Transplanting: Outdoor and Greenhouse

The most challenging aspect of moving from traditional to tissue culture clones is the acclimation and transplanting process. Tissue cut clones are not exactly like the traditional clones; TC plantlets require different care when they arrive at your farm. Below are some tips that work well for us. If you find something that works well for you, our Product Development team would love to hear about it.

When you are ready to transplant begin in a shaded area. We recommend 50% or greater shade cloth. Full day shade coverage is essential for the first 7 days.
In automated mixed light greenhouses (non hoop), opening the curtain approximately 6” is adequate for the first few days.

  1. Wearing gloves, remove the film layer on the sterile plant pack and carefully remove the rooting tray. Submerge the rooting tray in a trichoderma-based inoculant per the inoculant label between 65 and 70 degrees Fahrenheit. Any trichoderma product listed to fight/protect against fusarium and pythium will help protect the plantlets. Remove from inoculant solution after being submerged for 20-30 seconds and set on your working table. Remember, these plants are coming from an extremely sterile environment and are still developing their immune systems like a seedling. This step bolsters their immune system.
  2. It is recommended to use a brand new, commercially engineered soilless substrate (peat, coco, perlite and/or lava rock, fertilizer) to optimize your success rate. Wet your substrate with pH balanced (6.0-6.5) water with enough nutrient (0.2 EC-2.0 EC) to semi-saturate the substrate. Strength will depend on whether your media is fortified with nutrients or not. If in doubt, start low with the EC. Ideally, the water temperature will be between 65 and 70 degrees.
  3. Wearing gloves, gently remove the rooting cube from the tray. Place the rooting cube in the semi-saturated substrate in a 3-4” pot and place even or just below the substrate line. Make sure the plug does not sit up above the substrate. Make sure the plug and its roots are snugly touching the semi-saturated substrate.
  4. At this stage, give a light feeding around each plantlet with 2 oz of 6.0 to 6.5 pH water with 0.2-2.0 EC in 65-70 degree water.
  5. Depending on the ability to control humidity, place freshly transplanted tissue culture clones in a 60-80% RH environment or a 10” x 20” tray covered with a humidity dome (vents open) for 1.5-2 days. If this is not an option, another strategy would be wetting the floor of the shadehouse or setting up a simple misting system to boost humidity.
  6. Remove the domes after 2 days. The plant will likely not need water yet based on your temperatures and humidity but you check daily for signs of moisture stress. As soon as you see the plant perk up and identify new healthy growth, you are on the right track. After the first few days, backing off to 50-75% humidity is adequate for the next 5-8 days and beyond.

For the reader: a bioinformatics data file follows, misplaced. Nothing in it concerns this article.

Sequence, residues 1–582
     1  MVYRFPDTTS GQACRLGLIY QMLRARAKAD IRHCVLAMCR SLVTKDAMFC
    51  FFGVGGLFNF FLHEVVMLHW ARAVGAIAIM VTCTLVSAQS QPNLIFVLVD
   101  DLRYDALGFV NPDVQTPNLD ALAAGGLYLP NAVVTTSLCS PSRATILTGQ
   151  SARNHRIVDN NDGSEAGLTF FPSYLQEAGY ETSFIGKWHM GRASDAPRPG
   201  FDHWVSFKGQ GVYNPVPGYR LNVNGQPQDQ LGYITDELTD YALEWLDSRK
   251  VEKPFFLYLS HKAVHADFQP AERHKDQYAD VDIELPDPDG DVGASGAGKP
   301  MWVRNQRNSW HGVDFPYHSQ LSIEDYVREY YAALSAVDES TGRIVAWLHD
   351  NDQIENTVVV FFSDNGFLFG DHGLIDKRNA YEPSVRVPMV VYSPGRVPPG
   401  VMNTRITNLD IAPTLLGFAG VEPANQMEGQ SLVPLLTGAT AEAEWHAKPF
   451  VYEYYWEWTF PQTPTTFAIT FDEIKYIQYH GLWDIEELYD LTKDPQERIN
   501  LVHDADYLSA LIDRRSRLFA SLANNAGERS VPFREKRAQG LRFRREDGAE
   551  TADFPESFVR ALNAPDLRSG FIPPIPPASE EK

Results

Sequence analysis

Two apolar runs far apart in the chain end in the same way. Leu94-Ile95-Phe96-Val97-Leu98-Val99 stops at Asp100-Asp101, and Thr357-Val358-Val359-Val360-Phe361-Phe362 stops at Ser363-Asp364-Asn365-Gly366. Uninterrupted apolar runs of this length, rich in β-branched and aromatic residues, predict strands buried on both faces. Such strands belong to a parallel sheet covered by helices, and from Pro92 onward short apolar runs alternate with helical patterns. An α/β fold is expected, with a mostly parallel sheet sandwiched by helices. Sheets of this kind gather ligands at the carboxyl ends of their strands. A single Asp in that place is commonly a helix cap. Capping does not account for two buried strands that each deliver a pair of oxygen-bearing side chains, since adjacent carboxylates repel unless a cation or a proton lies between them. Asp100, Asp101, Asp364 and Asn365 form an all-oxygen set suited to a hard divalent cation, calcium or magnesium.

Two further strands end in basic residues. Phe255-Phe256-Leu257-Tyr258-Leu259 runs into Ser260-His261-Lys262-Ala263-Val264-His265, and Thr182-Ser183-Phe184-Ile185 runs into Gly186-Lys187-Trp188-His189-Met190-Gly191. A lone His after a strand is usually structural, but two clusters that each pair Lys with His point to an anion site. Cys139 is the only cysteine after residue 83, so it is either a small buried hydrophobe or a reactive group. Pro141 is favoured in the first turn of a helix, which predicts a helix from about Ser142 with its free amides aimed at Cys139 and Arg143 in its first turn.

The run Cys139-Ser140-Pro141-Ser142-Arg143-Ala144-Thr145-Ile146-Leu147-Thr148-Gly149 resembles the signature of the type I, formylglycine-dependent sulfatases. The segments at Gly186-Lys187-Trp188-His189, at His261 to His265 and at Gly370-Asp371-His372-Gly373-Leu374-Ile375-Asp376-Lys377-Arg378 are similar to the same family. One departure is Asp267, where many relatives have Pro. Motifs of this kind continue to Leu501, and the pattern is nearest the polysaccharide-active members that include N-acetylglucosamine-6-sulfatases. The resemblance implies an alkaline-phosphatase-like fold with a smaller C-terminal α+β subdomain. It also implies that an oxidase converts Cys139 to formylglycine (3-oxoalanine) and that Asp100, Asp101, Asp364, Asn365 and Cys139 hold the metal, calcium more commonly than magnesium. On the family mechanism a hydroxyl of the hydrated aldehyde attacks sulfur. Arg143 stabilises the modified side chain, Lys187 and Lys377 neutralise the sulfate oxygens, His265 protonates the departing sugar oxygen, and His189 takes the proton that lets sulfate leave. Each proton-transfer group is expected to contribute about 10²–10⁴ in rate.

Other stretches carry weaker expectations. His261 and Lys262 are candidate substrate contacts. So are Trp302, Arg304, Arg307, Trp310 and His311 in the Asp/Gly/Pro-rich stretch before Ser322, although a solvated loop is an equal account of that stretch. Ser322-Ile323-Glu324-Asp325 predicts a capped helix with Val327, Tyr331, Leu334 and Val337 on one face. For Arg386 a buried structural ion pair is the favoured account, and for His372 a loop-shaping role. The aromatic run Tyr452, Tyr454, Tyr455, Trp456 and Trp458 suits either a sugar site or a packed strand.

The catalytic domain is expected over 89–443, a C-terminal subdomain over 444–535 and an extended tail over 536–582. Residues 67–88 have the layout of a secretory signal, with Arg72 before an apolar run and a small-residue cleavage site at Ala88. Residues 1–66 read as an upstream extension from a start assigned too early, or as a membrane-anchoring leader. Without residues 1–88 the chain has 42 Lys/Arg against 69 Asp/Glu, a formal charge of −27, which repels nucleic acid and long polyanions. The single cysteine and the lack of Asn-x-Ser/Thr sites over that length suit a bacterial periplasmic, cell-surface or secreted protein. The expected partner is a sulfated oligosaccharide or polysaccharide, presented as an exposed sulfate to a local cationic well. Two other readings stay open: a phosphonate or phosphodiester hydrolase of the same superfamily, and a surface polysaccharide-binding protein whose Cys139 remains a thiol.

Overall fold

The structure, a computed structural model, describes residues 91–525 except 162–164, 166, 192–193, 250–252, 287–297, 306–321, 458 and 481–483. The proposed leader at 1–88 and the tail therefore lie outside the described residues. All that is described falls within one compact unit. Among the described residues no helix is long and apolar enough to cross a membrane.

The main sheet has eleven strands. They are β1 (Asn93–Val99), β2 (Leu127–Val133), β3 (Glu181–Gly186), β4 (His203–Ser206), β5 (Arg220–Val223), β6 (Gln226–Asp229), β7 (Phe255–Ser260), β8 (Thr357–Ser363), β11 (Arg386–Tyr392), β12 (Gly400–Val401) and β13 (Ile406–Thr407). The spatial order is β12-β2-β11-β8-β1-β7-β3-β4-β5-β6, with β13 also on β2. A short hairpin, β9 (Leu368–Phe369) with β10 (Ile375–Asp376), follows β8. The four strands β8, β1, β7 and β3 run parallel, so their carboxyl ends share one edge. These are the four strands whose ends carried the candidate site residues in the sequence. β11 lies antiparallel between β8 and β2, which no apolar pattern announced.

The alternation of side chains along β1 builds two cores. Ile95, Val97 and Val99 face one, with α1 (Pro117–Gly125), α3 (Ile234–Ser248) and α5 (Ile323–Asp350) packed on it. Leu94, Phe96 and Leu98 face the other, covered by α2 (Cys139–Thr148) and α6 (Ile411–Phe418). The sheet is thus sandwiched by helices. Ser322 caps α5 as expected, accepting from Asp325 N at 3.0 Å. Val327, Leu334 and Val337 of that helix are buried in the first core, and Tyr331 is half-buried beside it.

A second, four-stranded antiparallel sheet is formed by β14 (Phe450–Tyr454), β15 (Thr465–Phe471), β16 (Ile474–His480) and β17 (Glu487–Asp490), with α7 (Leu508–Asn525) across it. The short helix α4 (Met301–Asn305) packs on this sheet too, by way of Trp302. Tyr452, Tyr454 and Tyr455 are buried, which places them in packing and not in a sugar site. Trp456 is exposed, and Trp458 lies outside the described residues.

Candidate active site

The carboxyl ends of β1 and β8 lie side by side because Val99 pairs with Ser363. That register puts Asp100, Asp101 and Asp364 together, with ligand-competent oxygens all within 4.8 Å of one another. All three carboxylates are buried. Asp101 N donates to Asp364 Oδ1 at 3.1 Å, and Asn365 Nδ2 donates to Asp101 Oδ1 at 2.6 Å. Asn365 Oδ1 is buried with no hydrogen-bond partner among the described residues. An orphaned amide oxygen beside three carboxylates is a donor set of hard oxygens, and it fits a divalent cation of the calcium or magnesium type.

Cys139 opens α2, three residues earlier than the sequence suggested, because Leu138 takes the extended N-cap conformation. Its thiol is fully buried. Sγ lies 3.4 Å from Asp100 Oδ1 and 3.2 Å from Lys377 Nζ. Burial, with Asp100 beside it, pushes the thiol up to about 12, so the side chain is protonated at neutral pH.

7. Between day 3 to 6 from transplant (depending on your environment), your clones will need a second feeding. Water each plant with 2-4 oz of water at 0.5-2.0 EC, 65-70 degree water.
  8. Between day 7 and 12, begin moving them in the sunlight for a few hours per day or remove the shade cloth for a few hours per day. Increase sun exposure over multiple days depending on growth and health. Irrigate as needed. At this stage you should see perky, healthy plants. Finally they will be ready to go into the outdoors or unshaded greenhouse.


Other helpful tips:

For outdoor and greenhouse cultivators the #1 most important thing is to not let the plantlets get any direct sunlight at any time of the day for the next 7 to 10 days depending on growth and health. Complete shade cloth coverage is essential. If your plants display any signs of stress in the first 10 days, the first thing we recommend is to back off on the sunlight.

Many of the contemporary strains are more photoperiod sensitive than genetics from the 80s, 90s and 00s. Maintain light manipulation until the summer solstice for full term plants. Stopping manipulation early could lead to unwanted pre flowering characteristics and stunted growth.

Instead of weaning the plants off shade into full sun by increasing the hours of pure sunlight per day (day 7-12), some of our cultivator partners have success applying a kaolin clay foliar sunscreen on the plants between day 10-21 and going straight into full sun.

Earlier in the spring and in some microclimates of the early summer, keep plants and trays off the cold ground. Microclimates vary across California and cooler temps can stunt growth and lead to problems.

Make sure you sanitize your pots with a sanitizer solution and ensure the contact time meets the sanitizer label requirements.

Day 7-12 might be a good time to add a broader spectrum biological product to optimize nutrition uptake.

Not all cultivars will respond well to high ECs. If in doubt, start low.

Recommended Environmental Conditions by Day

Days 0-2
Temperature: 68-78 degrees F
Humidity: 80%
Irrigation pH: 6.0-6.5
EC: 0.2-2.0
Shade level: 50-90%
Water temperature: 65–70 degrees F

Days 3-5
Temperature: 65-85 degrees F
Humidity: 60-80%
Irrigation pH: 6.0-6.5
EC: 0.2-2.0
Shade level: 50-80%
Water Temperature 65-70 degrees F

Days 5-7
Temperature: 65-85 degrees F
Humidity: 60-75%
Irrigation pH: 6.0-6.5
EC: 0.5-2.0
Shade level: 50%
Water Temperature 65-70 degrees F

Days 7-10
Temperature: 65-85 degrees F
Humidity: 40-75%
Irrigation pH: 6.0-6.5
EC: 0.7-2.0
Shade Level: 20-50%
Water Temperature 65-70 degrees F

Substrates: Any

Container size: 3”-4”

Feed: 0.2-2.0 until well established.

Humidity: Start at 80%. Taper to desired vegetative environment.

Light Intensity: 100-500 PPFD. Increase depending on health and vigor.